The man to beat at PIR?
Keep your chin up.
The man to beat in Sunday’s AdvoCare 500 at Phoenix International Raceway might just be the guy who’s actually third in the NASCAR Sprint Cup points, defending race winner Kevin Harvick, and not Johnson or Kenseth.
Harvick, the winner of eight races in NASCAR’s top three division here at PIR, grew up in Bakersfield, Calif., and has always had a strong affinity for the one-mile PIR oval. And he looks good this weekend, too.
After being just 19th fastest in Friday’s two-hour NASCAR Sprint Cup round, Harvick jumped up to ninth in qualifying late Friday afternoon. In Saturday’s morning practice, he was second in both fastest single lap and fastest average speed over 10 consecutive laps. And then in Happy Hour, he was best of all the Cup drivers in 10-consecutive lap average speed.
Clearly, Harvick runs well here and clearly, his No. 29 Richard Childress Racing Chevrolet SS is pretty good this weekend, too. And given that Sunday’s race will be Harvick’s penultimate run with the team, another victory would certainly be welcome.
Harvick comes into the Phoenix race third in points, 40 points back of Johnson. But it’s still been a very good 2013 campaign, with three race victories and a lot of consistency over the long year.
“Can’t complain about the season nor the finishes that we’ve had in the Chase,” said Harvick. “We knew we needed to win at least one race in the Chase, and we accomplished that. It just happens to be a year where you needed to win a couple or three races in Chases and finish in the top-five a lot. It’s not been anything to complain about.”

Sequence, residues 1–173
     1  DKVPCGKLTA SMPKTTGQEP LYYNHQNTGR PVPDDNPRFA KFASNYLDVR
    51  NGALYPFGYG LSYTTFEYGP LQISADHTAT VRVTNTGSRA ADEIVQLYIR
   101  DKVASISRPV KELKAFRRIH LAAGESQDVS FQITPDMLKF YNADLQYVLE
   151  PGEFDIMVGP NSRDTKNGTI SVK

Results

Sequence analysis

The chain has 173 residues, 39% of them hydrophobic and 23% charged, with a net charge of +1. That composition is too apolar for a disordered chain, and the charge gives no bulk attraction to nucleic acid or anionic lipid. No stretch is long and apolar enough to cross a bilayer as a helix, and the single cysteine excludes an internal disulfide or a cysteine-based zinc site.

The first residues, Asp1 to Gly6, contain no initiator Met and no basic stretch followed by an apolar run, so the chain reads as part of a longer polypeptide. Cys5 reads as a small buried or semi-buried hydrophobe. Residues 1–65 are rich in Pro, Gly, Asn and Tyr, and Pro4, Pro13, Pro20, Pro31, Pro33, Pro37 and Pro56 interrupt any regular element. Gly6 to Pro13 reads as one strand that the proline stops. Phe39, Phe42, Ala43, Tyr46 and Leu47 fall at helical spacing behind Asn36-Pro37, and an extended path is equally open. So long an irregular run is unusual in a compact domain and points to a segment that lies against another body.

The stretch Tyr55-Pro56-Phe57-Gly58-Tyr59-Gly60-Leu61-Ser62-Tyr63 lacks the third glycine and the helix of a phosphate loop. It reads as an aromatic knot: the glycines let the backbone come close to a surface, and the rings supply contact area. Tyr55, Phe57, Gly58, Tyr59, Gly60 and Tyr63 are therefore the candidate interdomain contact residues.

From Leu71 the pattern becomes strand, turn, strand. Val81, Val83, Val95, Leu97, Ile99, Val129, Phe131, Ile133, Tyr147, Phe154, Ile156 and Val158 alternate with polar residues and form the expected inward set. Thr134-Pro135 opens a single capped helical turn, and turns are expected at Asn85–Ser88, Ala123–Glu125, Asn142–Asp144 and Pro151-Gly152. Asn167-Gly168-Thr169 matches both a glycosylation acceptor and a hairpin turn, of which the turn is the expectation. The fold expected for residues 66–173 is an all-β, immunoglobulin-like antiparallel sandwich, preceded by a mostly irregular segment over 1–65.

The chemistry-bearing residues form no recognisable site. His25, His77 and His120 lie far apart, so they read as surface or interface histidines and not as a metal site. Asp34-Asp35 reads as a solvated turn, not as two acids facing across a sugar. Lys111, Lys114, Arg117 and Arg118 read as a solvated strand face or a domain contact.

Over the course of his relationship with car owner Richard Childress, Harvick has certainly had his ups and downs, including at Martinsville Speedway a couple of weeks ago, where he tangled with Childress’ grandson, Ty Dillon, during the race and ripped into him afterwards.
And yet the two have hung in there.
“It is definitely something that we both have been fortunate to have a lot of success, and look forward to the next chapter,” said Harvick. “… It’s kind of like being a part of your family. You have some spats. You have some things. It seems like each instance makes you closer in some kind of way.”
Harvick’s teammate, Jeff Burton, who is also a lame duck at RCR, said Harvick has grown up a lot in recent years.
“Kevin to me is a different person than he was four years ago,” Burton said. “Kevin owning those race teams, Keelan (Harvick’s son) coming along, all those things have had a major impact on Kevin. Kevin really sees the company. He understands it has to be successful from a financial stand point. He understands investment is not easy to make. He has a much broader picture than he had say six years ago.”
And Burton thinks Childress was a good mentor for Harvick.
“Richard to his credit, much like my father did with me, Richard didn’t try to stifle Kevin. Richard let Kevin be Kevin,” said Burton. “He would get mad at him, but he wasn’t the kind of guy that just would say ‘You are not going to do that.’ He would let Kevin be Kevin. There was a lot of wisdom in that.”
Conversely, Burton said Harvick’s aggression helped RCR tremendously.
“Kevin is really good at pushing buttons to try to get things to happen,” Burton said. “You have to do that in this sport. You have to do it. If you don’t have that intensity of, ‘We have got to succeed now,’ then the future never gets here because if you are always building for something you are not doing it now. The now matters.”
And now, with his career drawing to a close at RCR, it’s time for Harvick to win again.
“We just have to keep doing what we’ve been doing, and try to win one of these or both of the last two races,” Harvick said. “…This has been a great race track for us in the past, and hopefully we can have another good weekend.”